Branded Content Sites: Don't Screw This Up
Your time to shine has arrived, again. So before you check out for the holiday weekend, check out why you and your organization need to come back from this long weekend with more pace and purpose, or this window will close on you as it has before.
More display dollars are in play and up for grabs. The dollars spent for online display are growing. Companies benefiting the most up until this point have been the ad networks and the portals. The former, because they sell based on price benefits tied to performance -- and during a recessionary-minded period, this approach fares better than premium-positioned inventory from recognizable brands. The latter, because portals often act like ad networks, and their arms reach into most everything else sold online, so portal boats rise with every tide. (58.4% of all 2009 U.S. online dollars were spent with four companies: Google, Yahoo, Microsoft and AOL).
Open window, bring bag, carry money out. Maybe clients like Mercedes, AT&T and Coca-Cola actually saw their brands running on risqué dating sites like Lavalife and realized ad network buys are as risky as unprotected sex. Whatever the reasons, it appears, sounds, and reads as if direct buys on branded content sites are back in favor. This is cyclical, however, and will only unlock some of the display dollars. It will be the issue of privacy that will unleash a flood of available dollars for branded content Web sites to soak up.
Targeting will become a four-letter word. A privacy-issue-driven tidal wave is brewing, and it picked up steam last week thanks to the Wall Street Journal article. We can save our disagreements for its severity, but let's agree something is coming from all of this. I think this wave will crash down hard and Facebook will take the brunt of its force -- but so will other digital companies with a sales narrative that overemphasize ad targeting over brand quality. The undercurrent from this wave of negative publicity will then draw in brands that are advertising, directly or indirectly, through the use of private data collected and shared without consumer knowledge. That kind of publicity can drown a brand quickly.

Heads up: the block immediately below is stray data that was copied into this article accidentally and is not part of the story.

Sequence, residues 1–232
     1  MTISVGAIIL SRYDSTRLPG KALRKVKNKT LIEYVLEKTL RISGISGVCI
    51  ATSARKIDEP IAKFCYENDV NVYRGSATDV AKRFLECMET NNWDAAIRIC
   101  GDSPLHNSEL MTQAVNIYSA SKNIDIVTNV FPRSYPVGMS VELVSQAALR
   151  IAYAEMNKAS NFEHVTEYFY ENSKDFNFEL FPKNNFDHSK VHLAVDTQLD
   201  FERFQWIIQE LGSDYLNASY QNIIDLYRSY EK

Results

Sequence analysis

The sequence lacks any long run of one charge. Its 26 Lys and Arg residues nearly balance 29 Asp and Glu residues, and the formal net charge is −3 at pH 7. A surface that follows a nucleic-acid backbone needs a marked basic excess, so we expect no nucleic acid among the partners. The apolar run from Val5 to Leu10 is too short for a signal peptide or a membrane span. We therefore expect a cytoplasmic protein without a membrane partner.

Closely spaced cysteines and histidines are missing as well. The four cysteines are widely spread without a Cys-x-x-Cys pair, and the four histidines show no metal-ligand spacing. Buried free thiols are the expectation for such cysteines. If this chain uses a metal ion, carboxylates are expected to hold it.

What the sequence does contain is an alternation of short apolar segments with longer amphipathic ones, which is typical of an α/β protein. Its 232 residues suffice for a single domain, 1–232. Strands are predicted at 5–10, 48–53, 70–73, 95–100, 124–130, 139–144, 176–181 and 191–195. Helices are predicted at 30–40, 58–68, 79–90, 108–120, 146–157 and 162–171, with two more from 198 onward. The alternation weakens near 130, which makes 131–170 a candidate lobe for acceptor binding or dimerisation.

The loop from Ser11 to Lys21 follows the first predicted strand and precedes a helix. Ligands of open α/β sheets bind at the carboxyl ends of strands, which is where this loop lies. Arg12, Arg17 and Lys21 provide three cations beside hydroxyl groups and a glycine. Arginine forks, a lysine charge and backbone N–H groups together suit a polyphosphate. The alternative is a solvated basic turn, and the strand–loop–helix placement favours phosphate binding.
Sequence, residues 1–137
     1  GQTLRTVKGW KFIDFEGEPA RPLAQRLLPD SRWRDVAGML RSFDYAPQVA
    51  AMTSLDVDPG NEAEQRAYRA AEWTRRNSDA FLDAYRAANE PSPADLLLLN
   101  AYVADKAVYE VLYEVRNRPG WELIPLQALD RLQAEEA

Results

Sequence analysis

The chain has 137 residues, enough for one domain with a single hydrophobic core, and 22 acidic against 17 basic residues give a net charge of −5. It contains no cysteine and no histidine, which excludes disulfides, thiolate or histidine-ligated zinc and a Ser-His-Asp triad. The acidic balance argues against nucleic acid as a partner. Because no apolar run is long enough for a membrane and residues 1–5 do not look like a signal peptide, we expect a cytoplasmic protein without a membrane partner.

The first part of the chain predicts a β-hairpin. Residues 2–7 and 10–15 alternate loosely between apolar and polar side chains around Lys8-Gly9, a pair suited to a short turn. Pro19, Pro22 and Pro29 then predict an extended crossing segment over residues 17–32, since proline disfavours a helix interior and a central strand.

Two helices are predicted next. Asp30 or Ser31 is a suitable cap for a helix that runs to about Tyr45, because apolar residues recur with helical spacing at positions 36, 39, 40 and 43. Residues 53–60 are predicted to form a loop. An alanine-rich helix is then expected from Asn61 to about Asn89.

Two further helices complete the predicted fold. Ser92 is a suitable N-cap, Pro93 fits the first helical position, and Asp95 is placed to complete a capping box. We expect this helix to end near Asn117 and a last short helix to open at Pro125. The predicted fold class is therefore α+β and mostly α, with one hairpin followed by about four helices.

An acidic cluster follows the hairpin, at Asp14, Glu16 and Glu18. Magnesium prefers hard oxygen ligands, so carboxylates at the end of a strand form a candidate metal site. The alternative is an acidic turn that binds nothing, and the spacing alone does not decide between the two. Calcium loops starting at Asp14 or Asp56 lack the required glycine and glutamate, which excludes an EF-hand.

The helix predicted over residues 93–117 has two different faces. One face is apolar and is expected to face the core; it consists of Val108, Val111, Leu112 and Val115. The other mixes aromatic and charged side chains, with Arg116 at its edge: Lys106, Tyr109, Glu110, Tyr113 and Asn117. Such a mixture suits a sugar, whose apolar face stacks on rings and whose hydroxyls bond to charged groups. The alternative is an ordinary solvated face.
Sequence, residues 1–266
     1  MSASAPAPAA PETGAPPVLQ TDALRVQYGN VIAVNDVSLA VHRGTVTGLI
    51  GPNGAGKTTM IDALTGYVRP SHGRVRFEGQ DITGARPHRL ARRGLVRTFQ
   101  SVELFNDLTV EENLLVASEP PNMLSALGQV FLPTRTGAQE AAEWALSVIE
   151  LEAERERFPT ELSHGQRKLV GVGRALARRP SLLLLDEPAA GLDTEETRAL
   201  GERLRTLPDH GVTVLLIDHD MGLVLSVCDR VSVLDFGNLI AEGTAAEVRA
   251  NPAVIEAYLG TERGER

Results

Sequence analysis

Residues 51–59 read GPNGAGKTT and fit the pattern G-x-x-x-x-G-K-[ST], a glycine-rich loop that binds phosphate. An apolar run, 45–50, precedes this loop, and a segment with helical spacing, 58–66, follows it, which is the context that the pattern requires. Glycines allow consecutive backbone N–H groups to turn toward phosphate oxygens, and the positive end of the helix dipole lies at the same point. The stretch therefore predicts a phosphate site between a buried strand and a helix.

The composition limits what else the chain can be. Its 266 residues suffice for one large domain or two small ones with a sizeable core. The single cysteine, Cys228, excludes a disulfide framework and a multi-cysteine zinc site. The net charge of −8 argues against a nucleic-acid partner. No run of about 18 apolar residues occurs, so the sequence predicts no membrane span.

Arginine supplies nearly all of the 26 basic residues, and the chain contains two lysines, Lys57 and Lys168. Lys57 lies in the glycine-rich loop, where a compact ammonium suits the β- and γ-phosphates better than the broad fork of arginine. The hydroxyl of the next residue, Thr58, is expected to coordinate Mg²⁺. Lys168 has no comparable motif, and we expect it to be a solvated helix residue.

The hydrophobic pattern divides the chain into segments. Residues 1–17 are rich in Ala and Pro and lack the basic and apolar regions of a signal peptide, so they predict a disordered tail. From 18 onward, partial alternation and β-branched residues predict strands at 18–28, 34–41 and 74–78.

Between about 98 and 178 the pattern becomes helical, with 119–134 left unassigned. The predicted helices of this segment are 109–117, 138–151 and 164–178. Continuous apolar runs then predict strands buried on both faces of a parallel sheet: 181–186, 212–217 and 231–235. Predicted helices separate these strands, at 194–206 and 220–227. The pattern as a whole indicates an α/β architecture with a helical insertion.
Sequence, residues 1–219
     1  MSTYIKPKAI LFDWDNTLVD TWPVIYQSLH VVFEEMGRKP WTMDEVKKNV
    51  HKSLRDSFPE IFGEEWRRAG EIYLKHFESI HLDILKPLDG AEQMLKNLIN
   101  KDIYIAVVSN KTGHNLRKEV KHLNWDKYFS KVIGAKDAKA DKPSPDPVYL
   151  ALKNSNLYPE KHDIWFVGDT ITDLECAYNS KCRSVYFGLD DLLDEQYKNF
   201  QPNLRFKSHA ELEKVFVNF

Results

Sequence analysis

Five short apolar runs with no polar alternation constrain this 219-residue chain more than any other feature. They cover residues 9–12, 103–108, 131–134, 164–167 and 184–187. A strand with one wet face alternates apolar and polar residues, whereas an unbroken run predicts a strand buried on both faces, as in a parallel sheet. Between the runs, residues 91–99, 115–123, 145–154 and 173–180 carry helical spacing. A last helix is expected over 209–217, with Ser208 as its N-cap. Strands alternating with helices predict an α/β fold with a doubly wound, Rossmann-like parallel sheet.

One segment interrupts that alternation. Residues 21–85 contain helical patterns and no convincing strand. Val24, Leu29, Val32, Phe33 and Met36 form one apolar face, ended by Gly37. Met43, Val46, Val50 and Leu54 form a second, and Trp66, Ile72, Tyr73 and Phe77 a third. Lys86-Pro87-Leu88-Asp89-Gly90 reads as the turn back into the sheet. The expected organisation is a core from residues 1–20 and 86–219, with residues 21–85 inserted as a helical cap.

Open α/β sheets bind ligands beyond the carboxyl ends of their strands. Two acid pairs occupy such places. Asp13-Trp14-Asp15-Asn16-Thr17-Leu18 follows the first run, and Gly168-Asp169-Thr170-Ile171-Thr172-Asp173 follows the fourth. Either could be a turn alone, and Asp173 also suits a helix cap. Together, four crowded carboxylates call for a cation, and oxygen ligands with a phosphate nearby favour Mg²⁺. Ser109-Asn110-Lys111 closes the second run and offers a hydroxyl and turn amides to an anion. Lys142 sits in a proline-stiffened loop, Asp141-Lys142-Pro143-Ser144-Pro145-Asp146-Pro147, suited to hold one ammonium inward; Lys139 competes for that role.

Clients still wear ties with matching life preservers to work. The consequences of a worst-case scenario outweigh the intended benefits at watershed moments like these. The people paid to manage brands are going to swim fast and far from this privacy issue. These people -- we call them clients -- are entrusted by their bosses to manage brands and, until the seas settle, many will shift their dollars from target-centric buys across the Web to the safer and guarded grounds of branded content sites they trust.
Targeting practices like behavioral and others overtly dependent on collected user data to show value will slide down or off RFPs. These line items will be replaced by targeting via contextual relevance, which targets ads to content consumers read, not the consumers themselves. This less-sophisticated approach to targeting is a safer option for brands looking for distance from this brewing and potentially damaging issue.
The biggest difference between digital companies and traditional companies with digital extension is the pace of business they keep. The former has always moved faster -- and now the latter need to mimic that pace to take advantage of this opportunity before this window closes.
I am out of words for this column but not done dispensing advice on this topic. If you are interested in learning how I believe branded content sites can walk away with more dollars -- click here for my bonus column, as I am happy to share some tangible steps to take.
Enjoy the holiday weekend, and if you are going to be on the road, don't text and drive. It's just so stupid and incredibly self-centered. And the worst-case scenario from this ill-advised practice can't match the benefits -- you know what I mean?